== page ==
THIS brings us to welfare itself. Basically, the block grants mean that the states can now do almost anything they want—even provide no cash benefits at all. There is no requirement in the new law that the assistance provided to needy families be in the form of cash. States may contract out any or all of what they do to charitable, religious, or private organizations, and provide certificates or vouchers to recipients of assistance which can be redeemed with a contract organization. So the whole system could be run by a corporation or a religious organization if a state so chooses (although the latter could raise constitutional questions, depending on how the arrangement is configured). Or a state could delegate everything to the counties, since the law explicitly says that the program need not be run “in a uniform manner” throughout a state, and the counties could have varying benefit and program frameworks. For good or for ill, the states are in the process of working their way through an enormous—indeed, a bewildering—array of choices, which many of them are ill equipped to make, and which outside advocates are working hard to help them make well.
- Congress could make extra funds available to the states for job creation, wage subsidies, training, placement, support and retention services, and so on. The President has proposed a fund of $3 billion over three years for this kind of activity, saying it would result in a million new jobs. As campaign rhetoric, this was pure spin. It amounts to $3,000 per job. There is simply no way in which $3,000 per job will get a million jobs for people who have been on the welfare rolls for extended periods of time. The President has also proposed a modest additional tax credit for hiring welfare recipients. This, too, will have little practical effect.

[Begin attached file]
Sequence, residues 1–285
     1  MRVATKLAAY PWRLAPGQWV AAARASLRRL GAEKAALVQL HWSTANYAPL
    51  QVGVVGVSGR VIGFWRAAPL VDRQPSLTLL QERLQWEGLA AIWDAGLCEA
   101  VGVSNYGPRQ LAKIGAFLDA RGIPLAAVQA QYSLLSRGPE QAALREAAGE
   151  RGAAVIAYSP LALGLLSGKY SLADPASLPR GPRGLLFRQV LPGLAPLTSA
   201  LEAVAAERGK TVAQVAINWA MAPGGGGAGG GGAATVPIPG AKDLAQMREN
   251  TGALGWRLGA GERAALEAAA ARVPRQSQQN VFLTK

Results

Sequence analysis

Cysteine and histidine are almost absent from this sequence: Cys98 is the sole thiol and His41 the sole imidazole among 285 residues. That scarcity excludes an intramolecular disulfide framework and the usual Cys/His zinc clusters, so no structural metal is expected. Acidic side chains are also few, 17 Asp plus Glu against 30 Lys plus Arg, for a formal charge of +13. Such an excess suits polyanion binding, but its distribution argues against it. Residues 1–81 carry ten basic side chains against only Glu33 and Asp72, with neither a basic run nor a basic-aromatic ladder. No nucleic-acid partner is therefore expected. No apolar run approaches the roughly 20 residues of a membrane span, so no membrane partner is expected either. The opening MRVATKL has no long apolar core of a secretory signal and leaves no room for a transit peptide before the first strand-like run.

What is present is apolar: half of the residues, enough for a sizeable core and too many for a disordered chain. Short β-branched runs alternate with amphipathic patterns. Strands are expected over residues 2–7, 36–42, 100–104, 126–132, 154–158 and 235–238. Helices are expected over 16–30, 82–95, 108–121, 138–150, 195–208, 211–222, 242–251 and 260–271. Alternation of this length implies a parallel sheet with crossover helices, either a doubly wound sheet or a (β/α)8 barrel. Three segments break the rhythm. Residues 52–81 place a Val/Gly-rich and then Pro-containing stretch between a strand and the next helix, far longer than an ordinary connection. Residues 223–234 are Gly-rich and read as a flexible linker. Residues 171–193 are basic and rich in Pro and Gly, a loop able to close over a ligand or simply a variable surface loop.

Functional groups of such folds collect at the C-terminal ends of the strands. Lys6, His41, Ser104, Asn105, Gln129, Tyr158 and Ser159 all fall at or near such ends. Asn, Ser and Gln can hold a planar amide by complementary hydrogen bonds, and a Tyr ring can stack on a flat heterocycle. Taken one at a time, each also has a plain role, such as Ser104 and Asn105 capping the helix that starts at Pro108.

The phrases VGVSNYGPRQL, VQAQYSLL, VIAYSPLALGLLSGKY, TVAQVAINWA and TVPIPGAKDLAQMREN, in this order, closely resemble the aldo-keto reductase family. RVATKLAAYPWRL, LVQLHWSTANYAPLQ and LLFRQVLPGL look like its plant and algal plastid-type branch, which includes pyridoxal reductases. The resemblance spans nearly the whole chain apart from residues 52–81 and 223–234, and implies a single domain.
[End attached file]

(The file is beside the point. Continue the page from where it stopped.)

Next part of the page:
- The Democrats tried very hard to create a voucher covering basic necessities for children in families that had run up against the time limit. The idea failed by a narrow margin in the Senate, and is worth pursuing. Another item worth advocating would be raising the 20 percent exception to the time limit to 25 or even 30 percent.
- The states are chafing under the requirements about the percentage of the caseload that has to be participating in work or related activities. It would help a little if people were permitted to receive vocational training for longer than the twelve months the law allows.
- The law is excessively flexible on what the states can do with the block-grant funds. A number of possible changes would be helpful: reducing the percentage that can be transferred out of the block; raising the requirement for states' contributions of their own funds; requiring states to comply with the plans they adopt; requiring states to process applications for assistance expeditiously; and clarifying the procedural protections for people denied or cut off from assistance.
- It is vitally important that adequate data be gathered and reported on what happens under the new legislation. The new law contains some funding for research and some instructions about data to be gathered, but additional funds and specification would be helpful.
Illustrations by Robert Goldstrom
The Atlantic Monthly; March 1997; The Worst Thing Bill Clinton Has Done; Volume 279, No. 3; pages 43-58.